Managing cap tables and equity at high-growth companies can be a complicated (and sometimes messy) business, a fact that founders and employees often discover too late. That’s given rise to a wave of companies building software to help, and today a European leader in that pack is announcing some funding to fuel its own growth. Ledgy, a startup out of Zurich that builds cap table management software specifically for companies and their employees working across multiple countries, has raised $22 million, a Series B that it is using for hiring, further product development and to bring on more users.
Ledgy’s platform today covers tools for finance, HR, legal and VC teams as well as employees themselves, and is used both to provide a snapshot of the state of a company’s equity at a given moment, and to help employees and companies manage what they may choose to do with that over time. The company today has some 2,500 companies as customers, up from 1,500 a year ago, and revenues have tripled, CEO and co-founder Yoko Spirig said in an interview.
Significantly, its rise dovetails with an interesting moment for European tech. We are starting to see a lot more European startups opting to remain in Europe to raise funding and scale rather than transplant to the U.S. as they would have been expected to do in the past, and with that the issue of equity awards for those companies’ employees is only growing. Ledgy counts some of the bigger startups in the European ecosystem among its customers, including Peak, Getir, Kry, Monese, Selina Finance, Gorillas, Choco, Alan, Pennylane and Scalapay.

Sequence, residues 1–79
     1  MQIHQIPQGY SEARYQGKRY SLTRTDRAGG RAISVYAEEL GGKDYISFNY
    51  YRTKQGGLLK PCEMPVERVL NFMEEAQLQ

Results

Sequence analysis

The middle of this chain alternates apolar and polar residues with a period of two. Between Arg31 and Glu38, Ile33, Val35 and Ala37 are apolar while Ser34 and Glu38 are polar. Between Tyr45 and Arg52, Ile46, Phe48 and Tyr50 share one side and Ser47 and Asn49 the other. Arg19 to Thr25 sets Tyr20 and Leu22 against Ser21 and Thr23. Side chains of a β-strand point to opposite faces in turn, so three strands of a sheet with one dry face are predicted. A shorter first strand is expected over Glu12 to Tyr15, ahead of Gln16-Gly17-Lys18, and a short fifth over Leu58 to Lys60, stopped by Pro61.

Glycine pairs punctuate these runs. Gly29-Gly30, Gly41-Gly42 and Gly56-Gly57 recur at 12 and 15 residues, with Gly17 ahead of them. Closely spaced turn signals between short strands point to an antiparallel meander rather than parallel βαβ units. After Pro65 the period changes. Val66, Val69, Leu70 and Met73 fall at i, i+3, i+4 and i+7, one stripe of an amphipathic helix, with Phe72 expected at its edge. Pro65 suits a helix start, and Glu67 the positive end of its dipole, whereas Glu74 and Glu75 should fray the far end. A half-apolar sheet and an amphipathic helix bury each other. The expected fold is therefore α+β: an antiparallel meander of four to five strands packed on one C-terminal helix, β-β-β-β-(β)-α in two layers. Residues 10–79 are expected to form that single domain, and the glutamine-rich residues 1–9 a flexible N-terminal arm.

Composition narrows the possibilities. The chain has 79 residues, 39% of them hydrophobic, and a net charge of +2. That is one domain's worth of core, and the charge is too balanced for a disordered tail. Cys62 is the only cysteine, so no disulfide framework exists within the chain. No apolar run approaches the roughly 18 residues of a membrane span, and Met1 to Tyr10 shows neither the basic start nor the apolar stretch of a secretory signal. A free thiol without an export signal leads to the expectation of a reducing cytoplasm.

Ledgy itself has some impressive names on its own cap table. This round is being led by New Enterprise Associates (NEA), with Sequoia Capital, Speedinvest, btov, Visionaries Club and unnamed angels also participating. Sequoia (as part of its much bigger move into Europe) led Ledgy’s Series A of $10 million a year ago, and with this latest round NEA partner Jonathan Golden is joining Sequioa’s Luciana Lixandru on the board. It has now raised $33.5 million to date.
Ledgy’s sweet spot is working with companies that have employees situated in different jurisdictions, and building a product for them that acts both as a finance and HR tool.
While a number of companies like Carta, and more recently AngelList and Pulley (respectively valued at $6.8 billion, $4 billion, and up to $300 million for the younger Pulley) continue to make waves in the U.S. market, Ledgy has spotted an opportunity to build for scenarios where companies want to provide international employees with equity and need to balance the differences in regulations and culture when doing so.
“We started in fragmented Europe, which was a curse and blessing,” Spirig said. “It forced us to serve customers with international teams.”
Ledgy stumbled on this almost by accident, Spirig said.